Valdosta Daily Times

State News

January 28, 2013

Chambliss, Isakson to Obama: Let’s Finish the Keystone XL Pipeline

Join majority of Senate in urging president to approve permits for project

WASHINGTON — Today, U.S. Sens. Saxby Chambliss (R-GA), and Johnny Isakson (R-GA) joined their Senate colleagues in urging President Obama to approve the Keystone XL pipeline project, which would connect the Canadian oil sands to refineries in Texas. The letter was signed by 53 senators, and came a day after Nebraska's governor approved a revised route for the pipeline to travel through the state while avoiding ecologically sensitive areas.

“Nebraska has recently approved the new Keystone XL Pipeline route, and the project still awaits your approval four-and-a-half years after TransCanada first applied for a Presidential Permit and a year since you denied their original request, without prejudice,” the senators wrote. “Nebraska has now addressed the additional concerns you raised when you denied the permit, and we therefore urge you to finish expeditiously the review process and approve the pipeline. The State Department has said that it would issue the final EIS before the end of the first quarter of 2013. After four-and-a-half years of study, we urge you to stick to your administration’s own deadlines. The American people need a timely decision on your approval or denial of the Presidential Permit.”

The text of the letter is below.

President Barak Obama

The White House

1600 Pennsylvania Avenue, Northwest

Washington, DC 20500

 

Dear Mr. President:

 

Nebraska has recently approved the new Keystone XL Pipeline route, and the project still awaits your approval four and a half years after TransCanada first applied for a Presidential Permit and a year since you denied their original request, without prejudice. Nebraska has now addressed the additional concerns you raised when you denied the permit, and we therefore urge you to finish expeditiously the review process and approve the pipeline.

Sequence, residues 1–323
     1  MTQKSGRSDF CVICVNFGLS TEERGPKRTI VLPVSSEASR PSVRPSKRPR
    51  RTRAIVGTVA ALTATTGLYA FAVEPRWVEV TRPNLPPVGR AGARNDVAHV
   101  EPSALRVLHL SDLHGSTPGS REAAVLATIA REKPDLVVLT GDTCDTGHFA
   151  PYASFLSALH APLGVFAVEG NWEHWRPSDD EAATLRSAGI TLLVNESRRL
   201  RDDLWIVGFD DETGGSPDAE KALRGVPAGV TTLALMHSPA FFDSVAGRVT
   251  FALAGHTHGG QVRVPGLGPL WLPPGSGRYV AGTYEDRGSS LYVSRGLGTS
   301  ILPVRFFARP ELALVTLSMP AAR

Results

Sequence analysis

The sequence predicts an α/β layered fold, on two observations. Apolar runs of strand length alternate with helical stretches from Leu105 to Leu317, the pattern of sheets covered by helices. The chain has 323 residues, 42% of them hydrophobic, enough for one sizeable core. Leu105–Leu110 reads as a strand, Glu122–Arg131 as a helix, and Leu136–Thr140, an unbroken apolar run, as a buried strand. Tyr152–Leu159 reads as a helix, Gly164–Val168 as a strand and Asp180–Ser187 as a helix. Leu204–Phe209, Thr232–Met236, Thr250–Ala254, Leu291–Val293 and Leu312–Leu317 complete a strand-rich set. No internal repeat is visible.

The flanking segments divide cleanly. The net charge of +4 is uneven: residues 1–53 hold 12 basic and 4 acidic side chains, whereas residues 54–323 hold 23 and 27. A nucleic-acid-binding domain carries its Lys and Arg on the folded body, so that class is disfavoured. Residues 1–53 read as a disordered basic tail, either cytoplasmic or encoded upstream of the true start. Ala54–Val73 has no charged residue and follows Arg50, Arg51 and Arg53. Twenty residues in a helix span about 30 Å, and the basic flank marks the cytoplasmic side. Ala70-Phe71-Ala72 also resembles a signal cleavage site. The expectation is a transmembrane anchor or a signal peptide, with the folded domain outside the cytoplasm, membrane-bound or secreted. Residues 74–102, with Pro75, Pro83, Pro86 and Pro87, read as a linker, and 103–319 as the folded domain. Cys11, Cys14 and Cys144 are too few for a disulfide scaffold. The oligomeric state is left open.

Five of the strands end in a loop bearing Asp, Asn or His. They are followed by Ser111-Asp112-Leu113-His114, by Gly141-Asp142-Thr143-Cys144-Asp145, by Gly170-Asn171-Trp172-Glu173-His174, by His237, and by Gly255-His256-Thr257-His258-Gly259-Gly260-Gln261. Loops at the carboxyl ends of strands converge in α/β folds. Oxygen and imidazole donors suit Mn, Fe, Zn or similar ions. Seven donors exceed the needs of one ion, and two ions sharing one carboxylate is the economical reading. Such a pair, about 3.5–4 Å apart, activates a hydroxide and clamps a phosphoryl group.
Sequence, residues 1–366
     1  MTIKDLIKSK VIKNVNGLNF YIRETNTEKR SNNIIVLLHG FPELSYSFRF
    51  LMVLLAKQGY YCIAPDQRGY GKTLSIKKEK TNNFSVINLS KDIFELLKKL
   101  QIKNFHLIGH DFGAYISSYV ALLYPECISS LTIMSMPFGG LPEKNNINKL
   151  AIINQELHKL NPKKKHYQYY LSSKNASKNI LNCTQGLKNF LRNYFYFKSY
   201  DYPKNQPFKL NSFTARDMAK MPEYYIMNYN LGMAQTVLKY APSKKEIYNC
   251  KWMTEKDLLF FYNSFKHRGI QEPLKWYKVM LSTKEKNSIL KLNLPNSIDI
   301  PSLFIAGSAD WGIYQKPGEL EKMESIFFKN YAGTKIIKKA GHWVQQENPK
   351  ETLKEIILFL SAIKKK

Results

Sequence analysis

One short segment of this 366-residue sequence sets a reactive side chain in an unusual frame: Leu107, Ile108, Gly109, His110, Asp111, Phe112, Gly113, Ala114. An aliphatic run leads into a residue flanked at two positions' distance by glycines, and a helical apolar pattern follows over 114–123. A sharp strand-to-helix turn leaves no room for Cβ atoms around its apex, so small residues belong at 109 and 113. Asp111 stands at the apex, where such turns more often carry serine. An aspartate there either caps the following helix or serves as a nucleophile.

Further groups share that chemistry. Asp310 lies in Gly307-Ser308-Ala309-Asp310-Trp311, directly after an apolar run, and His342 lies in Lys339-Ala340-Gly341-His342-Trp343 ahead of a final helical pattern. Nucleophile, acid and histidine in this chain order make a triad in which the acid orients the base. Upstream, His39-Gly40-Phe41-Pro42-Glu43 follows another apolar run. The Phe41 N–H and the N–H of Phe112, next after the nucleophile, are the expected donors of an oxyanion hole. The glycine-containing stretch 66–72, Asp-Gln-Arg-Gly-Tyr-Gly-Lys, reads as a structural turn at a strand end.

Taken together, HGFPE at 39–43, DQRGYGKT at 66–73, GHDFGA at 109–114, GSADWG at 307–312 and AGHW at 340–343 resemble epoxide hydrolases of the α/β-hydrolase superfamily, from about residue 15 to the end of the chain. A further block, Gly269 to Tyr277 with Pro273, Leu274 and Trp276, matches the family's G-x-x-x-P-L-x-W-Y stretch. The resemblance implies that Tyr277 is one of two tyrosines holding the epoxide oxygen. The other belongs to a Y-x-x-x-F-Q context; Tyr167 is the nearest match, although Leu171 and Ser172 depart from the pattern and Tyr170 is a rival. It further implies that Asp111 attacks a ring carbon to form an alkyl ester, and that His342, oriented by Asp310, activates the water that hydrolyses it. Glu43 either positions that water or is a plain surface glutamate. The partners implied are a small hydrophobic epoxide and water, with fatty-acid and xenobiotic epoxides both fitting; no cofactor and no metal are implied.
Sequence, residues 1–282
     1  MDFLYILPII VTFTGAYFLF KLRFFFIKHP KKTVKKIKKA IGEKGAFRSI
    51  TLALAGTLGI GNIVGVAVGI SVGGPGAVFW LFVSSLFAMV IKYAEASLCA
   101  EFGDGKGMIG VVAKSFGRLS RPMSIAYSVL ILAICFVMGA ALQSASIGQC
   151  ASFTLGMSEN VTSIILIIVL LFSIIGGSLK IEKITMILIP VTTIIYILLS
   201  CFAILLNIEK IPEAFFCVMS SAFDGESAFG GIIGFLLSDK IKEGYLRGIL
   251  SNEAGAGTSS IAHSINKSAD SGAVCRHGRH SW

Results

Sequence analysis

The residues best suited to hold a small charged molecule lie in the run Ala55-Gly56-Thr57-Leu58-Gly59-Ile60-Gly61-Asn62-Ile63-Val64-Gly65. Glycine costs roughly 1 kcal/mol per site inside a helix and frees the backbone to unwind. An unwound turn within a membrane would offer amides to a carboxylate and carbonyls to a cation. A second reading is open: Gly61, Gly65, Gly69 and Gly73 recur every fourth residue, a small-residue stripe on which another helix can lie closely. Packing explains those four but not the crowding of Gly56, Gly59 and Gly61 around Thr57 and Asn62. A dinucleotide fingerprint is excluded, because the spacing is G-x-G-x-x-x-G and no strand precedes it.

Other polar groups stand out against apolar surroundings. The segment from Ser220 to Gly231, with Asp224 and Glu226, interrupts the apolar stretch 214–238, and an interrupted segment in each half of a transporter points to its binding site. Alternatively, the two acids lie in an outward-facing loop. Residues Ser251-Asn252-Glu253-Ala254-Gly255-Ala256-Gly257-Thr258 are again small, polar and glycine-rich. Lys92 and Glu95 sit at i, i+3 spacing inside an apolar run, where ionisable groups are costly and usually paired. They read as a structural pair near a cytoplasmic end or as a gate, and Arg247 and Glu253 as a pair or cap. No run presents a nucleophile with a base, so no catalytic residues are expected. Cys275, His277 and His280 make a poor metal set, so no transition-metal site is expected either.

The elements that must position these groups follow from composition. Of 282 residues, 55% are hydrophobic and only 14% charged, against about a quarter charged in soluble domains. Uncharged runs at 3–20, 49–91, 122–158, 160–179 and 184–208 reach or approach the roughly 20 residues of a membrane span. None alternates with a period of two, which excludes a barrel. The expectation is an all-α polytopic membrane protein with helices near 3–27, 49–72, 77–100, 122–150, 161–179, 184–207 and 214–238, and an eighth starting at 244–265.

Specifically, the new pipeline route in Nebraska avoids the Sand Hills, which you cited as a concern in your denial.  The Nebraska Department of Environmental Quality determined the pipeline would have minimal environmental impact, support up to 4,560 jobs, generate $30 million of tax revenue in the first year and generate $418 million in economic benefits in Nebraska.  This is on top of the thousands of jobs and millions of dollars in economic development for our country.  The pipeline is also a major step toward American energy security.  Canada will develop this oil resource and the only question is whether we receive the oil from our friend and ally or whether Canada is forced to look for new partners in Asia because we turned them away.

The pipeline is supported by unions and businesses because it would create jobs and boost the economy.  Some 75 percent of the pipe for the Keystone XL pipeline will be made here in North America, 50 percent of it in Arkansas. Some 90 percent of all other construction materials will come from companies in the United States and Canada.   The pipeline is one of the largest economic and job creating infrastructure projects in the country – and it will not cost any taxpayer money.